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6 Signs You are Having Good Therapy Sessions

A happy wink is easier after good therapy sessions / counseling because of knowledge, skills, and self-compassion

This is for your curiosity and information and is also a list to which I can hold myself! The more of these you get in your therapy or counseling sessions, the better overall.

1. The counseling setting is secure, comforting, and not too distracting.

This forms a safe, shared space for two cooperating minds, not a space in which the therapist’s personality dominates. Even when working on serious matters, there is a sense you are in a partly real, partly imaginary ‘practice space’. The office, secure phone line, or secure online portal is where ideas, fantasies, new ways of being, and solutions can be tried out.

2. The therapist listens attentively and a lot, but not just zoning out.

In a good therapy session, they are taking in the flow of your story on multiple levels and are ‘catching your drift’.

3. When the therapist talks, it truly has something to do with the things you were just saying, but does note what you might be missing, avoiding, or in need of.

Good psychotherapists try to give you things you are ready for. They keep their ideas fairly close to what you said, rather than jumping to conclusions (even if the jump is correct!). When they do come to new conclusions to help you, therapists present them sensitively. They also show you how they got to their conclusion–they guide you step by step anyway, or can go back and put it together for you.

4. If any idea, discovery, method, etc., ‘tastes bad’, a good counselor will look for other ways to help.

Of course, if the issue is still very clear to them, they might return to it in a different way. If the issue is about safety, the therapist might be more persistent.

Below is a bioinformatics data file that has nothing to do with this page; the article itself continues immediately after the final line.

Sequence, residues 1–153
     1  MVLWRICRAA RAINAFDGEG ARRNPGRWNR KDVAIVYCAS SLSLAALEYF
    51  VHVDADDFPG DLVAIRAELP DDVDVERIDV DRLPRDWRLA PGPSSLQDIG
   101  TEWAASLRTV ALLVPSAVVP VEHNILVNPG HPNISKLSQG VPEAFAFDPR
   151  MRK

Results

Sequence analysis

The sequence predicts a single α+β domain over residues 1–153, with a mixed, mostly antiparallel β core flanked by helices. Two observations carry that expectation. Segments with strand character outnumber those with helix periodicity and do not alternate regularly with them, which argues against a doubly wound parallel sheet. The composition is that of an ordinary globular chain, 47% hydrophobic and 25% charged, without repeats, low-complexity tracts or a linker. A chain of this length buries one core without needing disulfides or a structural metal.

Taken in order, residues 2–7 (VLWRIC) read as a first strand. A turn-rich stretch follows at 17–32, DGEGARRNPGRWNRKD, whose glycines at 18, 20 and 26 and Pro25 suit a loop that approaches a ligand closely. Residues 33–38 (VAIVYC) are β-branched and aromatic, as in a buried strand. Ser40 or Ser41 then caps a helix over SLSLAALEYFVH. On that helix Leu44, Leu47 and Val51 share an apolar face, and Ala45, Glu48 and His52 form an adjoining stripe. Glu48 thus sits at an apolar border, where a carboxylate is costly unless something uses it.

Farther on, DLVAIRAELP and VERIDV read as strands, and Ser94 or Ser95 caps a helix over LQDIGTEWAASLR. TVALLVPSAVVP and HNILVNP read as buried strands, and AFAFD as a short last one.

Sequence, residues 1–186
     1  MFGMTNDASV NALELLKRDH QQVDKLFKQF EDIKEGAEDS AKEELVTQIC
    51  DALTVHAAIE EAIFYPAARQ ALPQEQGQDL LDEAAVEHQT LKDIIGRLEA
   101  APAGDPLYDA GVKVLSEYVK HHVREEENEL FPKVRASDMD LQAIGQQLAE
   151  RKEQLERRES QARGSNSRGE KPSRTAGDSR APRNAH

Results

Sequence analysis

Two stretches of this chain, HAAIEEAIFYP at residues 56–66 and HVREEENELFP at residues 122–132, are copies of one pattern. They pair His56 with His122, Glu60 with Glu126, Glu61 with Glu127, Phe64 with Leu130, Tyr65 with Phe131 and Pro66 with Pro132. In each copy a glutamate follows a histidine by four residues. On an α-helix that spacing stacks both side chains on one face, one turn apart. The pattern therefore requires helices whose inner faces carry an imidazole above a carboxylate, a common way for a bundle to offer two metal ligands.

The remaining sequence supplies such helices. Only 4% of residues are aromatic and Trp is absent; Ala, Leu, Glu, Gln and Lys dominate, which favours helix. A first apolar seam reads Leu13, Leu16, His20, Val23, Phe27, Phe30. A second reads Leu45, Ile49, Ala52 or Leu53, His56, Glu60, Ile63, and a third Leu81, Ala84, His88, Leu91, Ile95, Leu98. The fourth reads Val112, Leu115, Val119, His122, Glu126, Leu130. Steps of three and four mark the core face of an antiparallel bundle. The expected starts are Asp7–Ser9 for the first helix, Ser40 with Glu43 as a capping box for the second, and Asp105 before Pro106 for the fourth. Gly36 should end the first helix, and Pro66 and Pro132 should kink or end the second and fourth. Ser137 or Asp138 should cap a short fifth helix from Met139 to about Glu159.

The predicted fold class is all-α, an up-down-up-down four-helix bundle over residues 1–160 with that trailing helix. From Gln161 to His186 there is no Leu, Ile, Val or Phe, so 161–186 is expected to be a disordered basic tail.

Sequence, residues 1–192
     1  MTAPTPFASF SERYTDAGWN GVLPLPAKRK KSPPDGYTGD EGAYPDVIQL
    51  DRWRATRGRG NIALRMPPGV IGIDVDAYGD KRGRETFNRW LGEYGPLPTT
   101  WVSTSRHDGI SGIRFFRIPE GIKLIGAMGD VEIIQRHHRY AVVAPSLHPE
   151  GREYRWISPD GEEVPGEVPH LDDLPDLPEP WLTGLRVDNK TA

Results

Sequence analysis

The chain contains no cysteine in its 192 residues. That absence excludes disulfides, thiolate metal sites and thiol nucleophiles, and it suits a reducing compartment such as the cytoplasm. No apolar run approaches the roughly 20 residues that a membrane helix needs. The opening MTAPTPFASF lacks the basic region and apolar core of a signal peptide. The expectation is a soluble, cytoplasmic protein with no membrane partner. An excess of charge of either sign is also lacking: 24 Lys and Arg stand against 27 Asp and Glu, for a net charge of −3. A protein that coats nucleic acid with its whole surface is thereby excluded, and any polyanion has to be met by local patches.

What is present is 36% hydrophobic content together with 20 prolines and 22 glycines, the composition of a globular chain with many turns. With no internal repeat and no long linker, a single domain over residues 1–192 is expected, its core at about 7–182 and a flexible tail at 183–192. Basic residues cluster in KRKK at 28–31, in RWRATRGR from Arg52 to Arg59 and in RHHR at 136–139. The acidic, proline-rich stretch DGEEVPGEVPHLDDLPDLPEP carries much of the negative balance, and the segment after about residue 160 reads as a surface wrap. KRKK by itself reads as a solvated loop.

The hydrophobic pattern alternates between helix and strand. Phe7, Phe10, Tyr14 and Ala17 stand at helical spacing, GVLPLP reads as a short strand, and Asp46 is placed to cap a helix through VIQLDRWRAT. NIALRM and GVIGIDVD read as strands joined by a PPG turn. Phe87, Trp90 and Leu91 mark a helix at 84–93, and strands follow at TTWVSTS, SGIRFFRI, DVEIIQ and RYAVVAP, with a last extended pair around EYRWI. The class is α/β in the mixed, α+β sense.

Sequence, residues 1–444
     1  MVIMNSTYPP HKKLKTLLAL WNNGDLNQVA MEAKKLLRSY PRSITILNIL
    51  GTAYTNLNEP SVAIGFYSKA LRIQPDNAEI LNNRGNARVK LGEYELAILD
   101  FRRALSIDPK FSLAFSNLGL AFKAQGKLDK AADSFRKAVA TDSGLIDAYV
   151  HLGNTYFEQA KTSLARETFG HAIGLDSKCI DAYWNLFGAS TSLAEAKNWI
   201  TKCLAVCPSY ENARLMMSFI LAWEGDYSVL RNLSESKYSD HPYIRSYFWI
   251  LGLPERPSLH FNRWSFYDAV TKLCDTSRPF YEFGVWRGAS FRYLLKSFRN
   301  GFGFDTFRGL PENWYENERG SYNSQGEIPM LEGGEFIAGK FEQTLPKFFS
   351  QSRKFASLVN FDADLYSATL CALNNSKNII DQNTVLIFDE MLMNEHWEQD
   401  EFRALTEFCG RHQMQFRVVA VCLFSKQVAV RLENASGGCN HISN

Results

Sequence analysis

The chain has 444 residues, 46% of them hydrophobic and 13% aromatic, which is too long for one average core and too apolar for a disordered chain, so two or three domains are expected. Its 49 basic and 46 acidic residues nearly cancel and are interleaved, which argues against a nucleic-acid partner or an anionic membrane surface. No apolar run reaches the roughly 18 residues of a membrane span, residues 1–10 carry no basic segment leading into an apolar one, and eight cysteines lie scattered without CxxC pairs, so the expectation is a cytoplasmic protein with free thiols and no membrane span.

5. Ideally, you end each psychotherapy or counseling session with two or more of the following:

  • A feeling you were heard in a new way or more fully than usual
  • A feeling of relief or revitalization
  • Useful, new insights and discoveries you can digest and connect to
  • A loosening of rigid thoughts and routines and better definition of scattered or vague ones
  • Better connection to your emotions that helps, rather than hinders you
  • An implied or detailed plan for action

6. Longer-term, you should notice an increased ability to ‘think about’ (be mindful of) your thinking, emotional reactions, and actions.

This ability should get more and more flexible-yet-strong. It should also kick in quicker and quicker. Over time, you get better at tolerating and thinking about unknowns, rather than knee-jerking. That allows you to see past the anxiety of the unknown, and into its potential for hope and growth.

I hope this list serves you well. As always, contact me when you are ready to do some direct and dedicated work on what is important to you!

415 W. Foothill Blvd., Suite 123
Claremont, CA 91711
(909) 766-2221

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